Kafka on kubernetes: The infrastructure

Start of our tale

Kafka is gaining more popularity across the open source community and there are countless ways of running Kafka. Some like to run it on dedicated (virtual) machines, others prefer a PAAS solution. Lastly, you have a mix of solutions, this is were we will go exploring.

Technology stack

I knew I had to run Kafka, the goal was to find out if there are some drawbacks if I would run it on kubernetes.

The kubernetes cluster should run on Microsoft Azure so all code examples are going to reflect this. However, it is easily adapted to other cloud platforms.

I needed a devops approach to the infrastructure so I relied on terraform to set up the infrastructure. This will allow me to recreate certain aspects of the clusters if they get destroyed but will also guarantee that the result of the deployment will always be the same.

So to sum up: We need Kafka, zookeeper, kubernetes, Microsoft Azure, terraform and docker.

Later I will also explain how to write a python application to produce data but that’s for the next story.

Terraform

For those who don’t know what terraform is, you can find a lot of documentation here.

Basically terraform allows you to build, change and version infrastructure. It does this by keeping a state file on the infrastructure during deployment. If someone alters your environment, you can just redeploy and it will compare the deployed setup with the state file. If something is inconsistent, it will revert that object to the state as described in the state file.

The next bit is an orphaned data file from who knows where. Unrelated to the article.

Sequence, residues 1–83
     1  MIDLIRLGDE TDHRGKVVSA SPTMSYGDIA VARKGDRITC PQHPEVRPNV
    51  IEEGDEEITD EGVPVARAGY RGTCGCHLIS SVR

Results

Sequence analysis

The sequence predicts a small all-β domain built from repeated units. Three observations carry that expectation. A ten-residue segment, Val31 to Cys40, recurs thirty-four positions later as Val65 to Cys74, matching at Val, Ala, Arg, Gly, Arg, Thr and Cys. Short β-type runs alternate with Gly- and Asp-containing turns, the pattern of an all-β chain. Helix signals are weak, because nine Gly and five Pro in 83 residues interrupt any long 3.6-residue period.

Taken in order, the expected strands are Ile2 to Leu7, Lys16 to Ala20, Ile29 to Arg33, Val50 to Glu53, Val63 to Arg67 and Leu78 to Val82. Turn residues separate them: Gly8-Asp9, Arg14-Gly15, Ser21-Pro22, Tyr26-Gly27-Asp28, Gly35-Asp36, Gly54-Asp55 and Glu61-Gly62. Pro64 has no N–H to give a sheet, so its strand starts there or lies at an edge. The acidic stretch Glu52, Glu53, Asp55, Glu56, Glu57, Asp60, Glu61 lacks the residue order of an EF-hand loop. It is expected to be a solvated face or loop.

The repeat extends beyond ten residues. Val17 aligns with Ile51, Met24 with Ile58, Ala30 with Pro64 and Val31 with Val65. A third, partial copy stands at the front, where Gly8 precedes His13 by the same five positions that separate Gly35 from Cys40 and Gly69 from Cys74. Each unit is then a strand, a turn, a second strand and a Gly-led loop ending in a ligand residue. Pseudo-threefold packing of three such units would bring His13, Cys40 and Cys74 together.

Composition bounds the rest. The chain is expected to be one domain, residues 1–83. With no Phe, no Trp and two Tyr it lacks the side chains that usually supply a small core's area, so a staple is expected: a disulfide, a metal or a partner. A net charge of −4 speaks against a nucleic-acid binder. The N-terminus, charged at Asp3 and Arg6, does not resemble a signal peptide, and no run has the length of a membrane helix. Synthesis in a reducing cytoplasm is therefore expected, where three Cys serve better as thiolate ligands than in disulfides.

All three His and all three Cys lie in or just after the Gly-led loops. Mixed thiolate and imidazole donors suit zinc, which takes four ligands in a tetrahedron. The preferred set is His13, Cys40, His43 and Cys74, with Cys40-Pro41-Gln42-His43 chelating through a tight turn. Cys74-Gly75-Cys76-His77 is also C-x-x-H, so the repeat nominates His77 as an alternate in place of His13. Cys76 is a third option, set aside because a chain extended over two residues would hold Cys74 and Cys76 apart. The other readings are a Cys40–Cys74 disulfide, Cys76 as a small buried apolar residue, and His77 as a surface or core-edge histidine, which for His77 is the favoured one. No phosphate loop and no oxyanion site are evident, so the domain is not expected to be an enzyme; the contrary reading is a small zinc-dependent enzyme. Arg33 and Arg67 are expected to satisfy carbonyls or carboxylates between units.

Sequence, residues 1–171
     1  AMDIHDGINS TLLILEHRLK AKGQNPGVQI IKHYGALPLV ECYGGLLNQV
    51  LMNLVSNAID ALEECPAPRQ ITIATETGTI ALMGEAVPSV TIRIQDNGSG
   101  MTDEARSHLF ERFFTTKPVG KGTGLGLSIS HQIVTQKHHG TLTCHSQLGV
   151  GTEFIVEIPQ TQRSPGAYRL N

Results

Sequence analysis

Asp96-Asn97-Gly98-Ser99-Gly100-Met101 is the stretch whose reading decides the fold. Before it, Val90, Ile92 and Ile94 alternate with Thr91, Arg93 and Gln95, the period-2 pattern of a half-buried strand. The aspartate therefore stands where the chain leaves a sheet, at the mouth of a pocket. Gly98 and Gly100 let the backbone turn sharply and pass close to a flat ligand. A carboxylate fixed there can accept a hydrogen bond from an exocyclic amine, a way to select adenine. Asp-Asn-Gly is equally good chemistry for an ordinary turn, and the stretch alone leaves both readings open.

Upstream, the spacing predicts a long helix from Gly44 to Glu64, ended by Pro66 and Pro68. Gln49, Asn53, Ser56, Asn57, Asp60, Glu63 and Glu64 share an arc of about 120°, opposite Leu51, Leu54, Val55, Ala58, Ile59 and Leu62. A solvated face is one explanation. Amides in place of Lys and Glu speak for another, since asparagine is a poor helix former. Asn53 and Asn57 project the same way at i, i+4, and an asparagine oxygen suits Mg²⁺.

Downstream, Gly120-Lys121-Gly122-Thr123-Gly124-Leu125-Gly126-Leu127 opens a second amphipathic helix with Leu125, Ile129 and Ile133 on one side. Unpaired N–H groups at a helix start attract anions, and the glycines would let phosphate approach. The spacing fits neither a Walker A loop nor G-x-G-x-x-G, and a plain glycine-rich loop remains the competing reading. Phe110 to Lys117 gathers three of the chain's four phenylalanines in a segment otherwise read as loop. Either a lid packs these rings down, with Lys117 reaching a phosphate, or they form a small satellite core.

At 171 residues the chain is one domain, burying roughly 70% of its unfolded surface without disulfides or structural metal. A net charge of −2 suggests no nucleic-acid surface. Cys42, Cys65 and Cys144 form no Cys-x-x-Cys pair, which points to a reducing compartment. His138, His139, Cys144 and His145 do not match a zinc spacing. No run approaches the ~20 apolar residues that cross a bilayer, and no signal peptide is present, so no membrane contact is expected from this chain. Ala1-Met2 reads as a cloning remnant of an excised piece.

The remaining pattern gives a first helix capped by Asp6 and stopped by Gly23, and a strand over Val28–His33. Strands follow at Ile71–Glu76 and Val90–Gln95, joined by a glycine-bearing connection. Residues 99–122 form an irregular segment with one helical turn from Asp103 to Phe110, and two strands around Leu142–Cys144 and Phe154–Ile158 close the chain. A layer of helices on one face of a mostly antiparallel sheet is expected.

So let’s get started by creating our infrastructure. In the repository you are developing, create a new folder terraform.

We start by telling terraform in which resource group it needs to deploy by creating an “azure.tf” file which holds the following configuration:

# Microsoft Azure Provider
provider "azurerm" {
version = "1.4.0"
}

# Source the resource group from Azure
data "azurerm_resource_group" "kafka_aks_res_group" {
name = "${var.resourceGroupName}"
}

Just as a good developer, we don’t hardcode values, so most values will be referenced with a variable.

Next we will need the definition of the kubernetes cluster. You can find the full configuration here. It is pretty much straightforward, I just replaced the hardcoded values with variables again . I just added a small snippet of the code to give you an idea.

resource "azurerm_kubernetes_cluster" "kube_cluster" {
...
agent_pool_profile {
name = "${var.PoolName}"
count = "${var.PoolNodeCount}"
vm_size = "${var.PoolVmSize}"
os_type = "Linux"
os_disk_size_gb = "${var.PoolDiskSizeGb}"
}
...

So all of your variables will probably give you an error if you are using an IDE which has terraform support. So let´s create a “vars.tf” file which holds the variables we define throughout the terraform code. Every variable you created should be listed here. But don’t worry if you missed one, terraform will bug you about it the moment you try to deploy.

variable "resourceGroupName" {
description = "The resource group name"
}

variable "adminUsersname" {
description = "Username of the administrator"
}

variable "azureClientId" {
description = "Client id for azure"
}

variable "sshKeyData" {
description = "ssh key to authenticate against the cluster"
}
...

So how do we pass values to the variables? We will create a small bash scripts which does nothing more than export the necessary values. These values are picked up by means of the naming convention (all variables start with TF_VAR_).

Create a file called “variables.dev.secret.sh” and add the variables you will need. A typical script might look like this: